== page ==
Lucy Goose's Eye Infection

Animals are a big responsibility. They are living creatures who have feelings and are capable of suffering. I do my best to stay in tune to their needs, so when I was out in the duck pen during the afternoon of September 29, 2009 and noticed that Lucy's left eye looked lavender--even the white part of her eye, I had to inspect closer. I held her beak in my hand and tipped her head to the side. Her third eye (an eyelid that covers her eye so she can still see under water and not close her eyes) kept closing repeatedly over a glazed eye. It reminded me of the time I suffered a corneal abrasion--the cloudy film and the obvious discomfort in the light.

Oh, no! was all I could think. What am I going to do now?

I called an exotics veterinarian out in Spokane Valley who could see her the next day. All we could do then was wait overnight. I enlisted the help of my sister, Emma, (a true life saver) and the next day we drove out to the veterinarian who examined Lucy's eye with a bright light after applying some sort of eye numbing drops.

But, they just couldn't figure out what it was. They said it looked as if there was a foreign body embedded in her eye, in the corner, near the inside edge of the cornea. But they just couldn't see it well enough. Lucy needed to see the animal ophthalmologist.

Luckily they got us into their busy clinic the very next day. Poor Lucy Goose! Though she doesn't mind riding in the back of my Mazda Tribute (on a tarp), her eye obviously hurt. I wanted to alleviate her suffering as soon as possible.

After some time in the waiting room, where Emma and I heard stories from the owner of a Boston terrier, we were called into the back. I went out to get Lucy, while Emma held the doors for me. We put Lucy on the examination table and she squirted a slingshot poop out her hind end, just missing Emma, save for a small speck. At least it wasn't the green kind! That was the day before--at the other veterinary office.

The ophthalmologist examined Lucy's eye just as had been done the day before. The conclusion was that some foreign body was lodged in her eye. She evidently poked her eye on something sharp, presumably wire (because I found a piece of wire sticking out of the fence when I got home), and then her own body created a deposit of firm material that was sticking out of the wound. This material was clogging the wound, causing the infection to develop inside. If not removed, Lucy could lose her eye. She would be blind in her left eye forever.

The ophthalmologist suggested sedating her, scraping the part of the eye with the puncture wound out, so that the eye could heal anew. I moved Lucy to the operating room table, where she squirted a poop on the young veterinary intern's shirt before they could fit her with the mask and administer gas to put her to sleep. At one point the veterinary assistant said she was trying not to let me pass out, too. In my obliviousness I did not realize I was breathing it. I just said, "Oh, yes, I can smell it, too!"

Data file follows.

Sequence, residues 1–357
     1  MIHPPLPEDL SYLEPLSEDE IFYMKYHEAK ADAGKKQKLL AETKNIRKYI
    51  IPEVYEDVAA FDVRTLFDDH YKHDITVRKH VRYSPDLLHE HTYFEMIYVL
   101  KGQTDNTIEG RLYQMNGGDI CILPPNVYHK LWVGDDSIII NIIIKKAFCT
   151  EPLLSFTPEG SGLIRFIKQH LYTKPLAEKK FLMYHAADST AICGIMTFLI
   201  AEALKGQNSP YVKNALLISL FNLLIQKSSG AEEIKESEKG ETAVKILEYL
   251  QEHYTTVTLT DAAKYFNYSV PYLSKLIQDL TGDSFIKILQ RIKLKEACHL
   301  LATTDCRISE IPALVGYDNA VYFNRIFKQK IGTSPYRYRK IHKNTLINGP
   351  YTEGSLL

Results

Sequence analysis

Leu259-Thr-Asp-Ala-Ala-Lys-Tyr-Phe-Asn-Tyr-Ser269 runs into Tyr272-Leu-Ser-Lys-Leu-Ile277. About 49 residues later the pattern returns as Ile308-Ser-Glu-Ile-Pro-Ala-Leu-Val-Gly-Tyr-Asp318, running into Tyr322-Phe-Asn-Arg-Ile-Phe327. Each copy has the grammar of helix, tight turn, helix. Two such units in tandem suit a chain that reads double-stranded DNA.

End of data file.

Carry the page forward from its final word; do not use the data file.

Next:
Lucy's body slowly relaxed in my arms as she fell asleep. At this point, Emma and I agreed to go to the cafe next door and await the final results.

We sat down for coffee and Hawaiian sandwiches (mine was delicious with just fresh veggies, cream cheese, and pineapple) and waited for the ophthalmologist to return with post-op news. And he soon did.

He said something like this:
Lucy is just fine. We went in there and scraped the material out, so her eye will be a little sore, but she can take the metacam oral gel for another two days, but no longer than that as she would have to come in for a blood test to check her kidneys and liver. I'm giving you Ofloxacin Ophthalmic Solution USP 0.3% to put in her eye three times per day for ten days. She's awake now and ready to go home. Oh, and she laid an egg!
She laid an egg? Lucy Goose is only in her first year. She was born in the spring, so hasn't even seen her first spring as an adult yet. She's not, according to everyone who knows about geese, supposed to lay an egg until spring of 2010. But, apparently, as she awoke they heard a Ping! on the operating table and there was Lucy's first egg.

They wrapped the egg in a warm blanket and put it in a box, offering a bag of warm solution for the ride home. But, I informed them that it wasn't fertilized, so no need to keep it warm.

Lucy began feeling better, as indicated by her behaviors, right away. She wanted out of the duck yard so she could eat grass and she ravished my hair with her chewing frenzies. I measured the size of her egg against a turkey egg from last year and, despite everyone thinking the turkey egg might be bigger, Lucy's egg was much larger.

It is now a couple of weeks after the eye injury incident and Lucy is as good as new. She has not lost her eye and the injury was not over the pupil area, so it has not damaged her eyesight. Also, Lucy has not laid another egg which leaves me to wonder if it was only the trauma of the eye pain which caused her to produce an egg. Soon after returning home she did build a nest in the chest house out in the duck yard, but The Doodles quickly messed it up and she's not made another.

Total cost of eye injury: $388.05 after $200.00 discount. Lucy Goose thanks her Auntie Em for the I.O.U.